Herb Douglas Getty
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Herb Douglas, who won a bronze medal in the long jump at the 1948 Summer Olympics, has died at 101 years old. The University of Pittsburgh, where Douglas played football and ran track, revealed that he died on Saturday.

"In every role that he filled, as an aspiring athlete from Hazelwood, Pa. as a student-athlete and University trustee and as an esteemed businessman, Olympian and community leader, Herb Douglas excelled," Pittsburgh Chancellor Patrick Gallagher said in a statement. "He was both a champion himself and a champion of others, never hesitating to open doors of opportunity and help people pursue their own success."

Douglas was the oldest living United States Olympic medalist.

Douglas graduated from the University of Pittsburgh in 1948 with a bachelor's degree in physical education. Shortly after graduation, the Pittsburgh native earned a bronze medal in the long jump in the 1948 Summer Olympics in London.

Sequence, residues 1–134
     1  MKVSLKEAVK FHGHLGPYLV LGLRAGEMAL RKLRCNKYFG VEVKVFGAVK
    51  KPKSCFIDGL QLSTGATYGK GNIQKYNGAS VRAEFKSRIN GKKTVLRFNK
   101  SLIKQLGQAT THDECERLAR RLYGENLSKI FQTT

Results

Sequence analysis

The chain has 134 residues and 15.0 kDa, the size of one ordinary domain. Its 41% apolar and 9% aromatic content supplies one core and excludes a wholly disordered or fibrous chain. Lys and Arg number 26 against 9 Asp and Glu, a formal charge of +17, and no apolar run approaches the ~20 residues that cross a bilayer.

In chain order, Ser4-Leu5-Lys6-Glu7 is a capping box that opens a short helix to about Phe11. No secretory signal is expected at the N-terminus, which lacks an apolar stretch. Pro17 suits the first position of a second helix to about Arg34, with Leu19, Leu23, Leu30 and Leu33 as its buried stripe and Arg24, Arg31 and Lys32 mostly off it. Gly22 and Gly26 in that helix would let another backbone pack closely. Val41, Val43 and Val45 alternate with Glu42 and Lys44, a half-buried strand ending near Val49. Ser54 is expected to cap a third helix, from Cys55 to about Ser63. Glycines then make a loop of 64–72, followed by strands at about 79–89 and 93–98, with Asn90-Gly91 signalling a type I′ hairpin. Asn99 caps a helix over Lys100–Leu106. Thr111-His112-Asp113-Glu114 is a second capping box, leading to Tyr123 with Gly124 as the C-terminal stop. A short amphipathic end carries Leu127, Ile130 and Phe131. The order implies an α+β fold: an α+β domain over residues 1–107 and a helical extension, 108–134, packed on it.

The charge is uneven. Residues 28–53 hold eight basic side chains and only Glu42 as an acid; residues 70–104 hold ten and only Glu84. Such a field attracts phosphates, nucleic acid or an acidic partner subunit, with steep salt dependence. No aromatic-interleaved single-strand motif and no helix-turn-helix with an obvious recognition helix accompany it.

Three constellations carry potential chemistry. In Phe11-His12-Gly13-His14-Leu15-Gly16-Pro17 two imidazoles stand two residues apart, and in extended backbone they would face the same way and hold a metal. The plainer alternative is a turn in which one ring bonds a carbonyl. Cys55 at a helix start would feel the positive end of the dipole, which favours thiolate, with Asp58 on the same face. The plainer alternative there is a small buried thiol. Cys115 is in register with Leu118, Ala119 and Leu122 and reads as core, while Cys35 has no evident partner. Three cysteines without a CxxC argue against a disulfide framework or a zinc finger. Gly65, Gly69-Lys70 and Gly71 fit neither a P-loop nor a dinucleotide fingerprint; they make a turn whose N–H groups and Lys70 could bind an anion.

He wanted to participate in the 1944 Olympics, but those Summer Games were canceled due to World War II. Douglas began his collegiate career at Xavier University in New Orleans before returning home to Pittsburgh to attend the city's flagship university.

Once he enrolled at Pittsburgh in 1945, Douglas became one of the first African Americans to play football at the school in addition to competing on the track team. During his time at Pittsburgh, Douglas won four intercollegiate championships in the long jump as well as one in the 100-yard dash. Douglas finished as the runner-up to Willie Steele in the Olympic trials and in doing so, earned his spot on the 1948 United States Olympic team.

In the 1948 Summer Games, Douglas turned in a leap of 24-feet-9 inches behind Steele and silver medalist Thomas Bruce (Australia). 

Douglas worked in marketing and sales throughout his life. He began at Pabst Brewing Co. before moving to Philadelphia to work for Schieffelin and Co., which was an import company. Douglas later became vice president and was among the first African Americans to reach a position of that stature.